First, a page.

Water sports are the attraction on the crescent of sandy beaches stretching from Muelle Storni in the north almost to Punta Cuevas in the south. In these sheltered waters, hazards like rip currents are nonexistent, but at low tide the water retreats hundreds of meters on the gently sloping beach.Destination:Activities:
The road may be paved now and fuel much easier to come by than in the early days of peninsular travel, but Baja California remains a classic route for travelers who enjoy the thrill of a long road trip. All you need is ample time, a reliable vehicle, and an ability to cope with unpredictable situations.
This itinerary follows Mexico 1 from the border crossing in Tecate to the Los Cabos tourist corridor at the southern tip of the peninsula, 1,600 kilometers away, with a few options for side trips and off-highway scenic drives along the way.Destination:Activities:
After winding its way over the Sierra de la Laguna heading southeast from La Paz, Mexico 1 reaches the Gulf coast once again at Los Barriles, more or less in the middle of the wide and exposed Bahía de las Palmas. The bay is roughly 32 kilometers long, extending from Punta Pescadero in the north to Punta Arena at its southern end.Destination:Activities:
Swimming, Surfing, and Boogie Boarding
While Puerto Vallarta’s calm waters are generally safe for swimming, they are often too tranquil for surfing, bodysurfing, and boogie boarding. Sometimes strong, surfable waves rise along the southern half of Playa los Muertos. Another notable possibility is at the mouth of the Río Ameca (north of the airport) where, during the rainy summer season, the large river flow helps create bigger than normal waves. Surfing is more common to the north at Bucerías and Punta Mita.Destination:Activities:
These are available right on the beach at a number of the north-side resort-hotels, such as the Sheraton, Las Palmas Resort, Fiesta Americana Puerto Vallarta, and NH Krystal.
The same sports are also seasonally available south of Cuale on Playa los Muertos, in front of the Hotels Playa los Arcos and Tropicana. Expect to pay about $50 per half hour for a personal watercraft, $75/hour for waterskiing, and $25 for a 10-minute parasail.Destination:Activities:
Swimming, surfing, sailboarding, snorkeling, scuba diving, kayaking, sailing, and personal watercraft–riding are the Puerto Vallarta region’s water sports of choice.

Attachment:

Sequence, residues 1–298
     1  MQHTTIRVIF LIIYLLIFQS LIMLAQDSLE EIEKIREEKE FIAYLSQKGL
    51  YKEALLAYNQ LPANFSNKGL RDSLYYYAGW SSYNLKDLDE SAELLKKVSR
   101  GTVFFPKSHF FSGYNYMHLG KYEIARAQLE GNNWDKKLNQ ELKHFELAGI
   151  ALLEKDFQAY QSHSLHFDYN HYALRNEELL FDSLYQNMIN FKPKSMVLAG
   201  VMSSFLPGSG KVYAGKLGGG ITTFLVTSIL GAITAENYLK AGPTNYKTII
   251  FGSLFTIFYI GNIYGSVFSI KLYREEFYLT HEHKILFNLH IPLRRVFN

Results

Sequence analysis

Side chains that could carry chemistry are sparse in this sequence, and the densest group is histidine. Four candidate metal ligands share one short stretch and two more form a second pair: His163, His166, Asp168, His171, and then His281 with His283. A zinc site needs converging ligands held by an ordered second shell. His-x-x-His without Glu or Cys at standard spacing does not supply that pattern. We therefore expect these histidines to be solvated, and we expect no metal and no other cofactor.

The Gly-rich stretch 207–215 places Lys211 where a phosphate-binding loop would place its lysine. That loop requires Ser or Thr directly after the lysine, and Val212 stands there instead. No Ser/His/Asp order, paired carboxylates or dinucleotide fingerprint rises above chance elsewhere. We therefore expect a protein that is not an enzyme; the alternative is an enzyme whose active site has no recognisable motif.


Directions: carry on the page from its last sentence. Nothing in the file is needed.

Viewed from Puerto Vallarta beaches, the Pacific Ocean usually lives up to its name. Many protected inlets, safe for child’s play, dot the coastline. Unsheltered shorelines, on the other hand, can be deceiving. Smooth water in the calm morning often changes to choppy in the afternoon; calm ripples that lap the shore in March can grow to hurricane-driven walls of water in November. Such storms can wash away sand, temporarily changing a wide, gently sloping beach into a steep one plagued by turbulent waves and treacherous currents.Destination:Activities:
You can rent Jet Skis, kayaks, and other gear from small kiosks on the beach, including in front of El Viejo y El Mar restaurant (Calle 19 at Calle 78). There, the equipment is available 10 a.m.–4:30 p.m. daily; ask in the restaurant if you don’t find anyone on the beach.Destination:Activities:
East of Progreso, the coastal road wanders behind a long string of summer houses for seven kilometers (4.3 miles) to the small fishing village of Chicxulub Puerto. The town is run-down, has few hotels, and the beach is always filled with boats—not too appealing for most travelers.
However, the strong, steady wind and shallow, obstacle-free shoreline make for ideal sailing, windsurfing, and kiteboarding conditions, and wind-sport athletes come to Chicxulub from all over the world to play and train. The town is home base for two of Mexico’s 2004 windsurfing Olympians.Destination:Activities:
The best—and perhaps only—reason to visit Chicxulub Puerto is for the wind sports. And for that, all roads lead to Marina Silcer (Antigua Carretera Progreso-Chicxulub km. 3.5, tel. 969/934-0491, www.marinasilcer.com, 10 a.m.–6 p.m. Tues.–Sun.). One-on-one instruction is available for all levels in windsurfing (US$167/eight 1.5-hr. sessions), sailing (US$232/four 1.5-hr. sessions for two people), and kiteboarding (US$350/six 1.5 hour sessions). You also can rent gear by two-hour increments and afterward use the marina’s semi-Olympic-size swimming pool. There’s a good seafood restaurant on-site too. To get here, turn left at the old gasoline station on the outskirts of town.Destination:Activities:
Pack the kid-friendly sunscreen and load up the brood. Family-friendly tours, accommodations, and activities abound in Belize and at all budget levels. Some areas and resorts in Belize are tailored specifically for romantic escapes or adult-level expeditions, so always ask your tour operator and/or accommodations provider specific questions concerning how welcome your kids will be.
Arrive at Philip Goldson International Airport. Board a puddle-jumper to San Pedro, a good place to ease into paradise.
Hang out on the island, book a snorkeling or manatee-watching tour, maybe even a sunset cruise to top it off (make sure it won’t be a drunkfest though).Destination:Activities:
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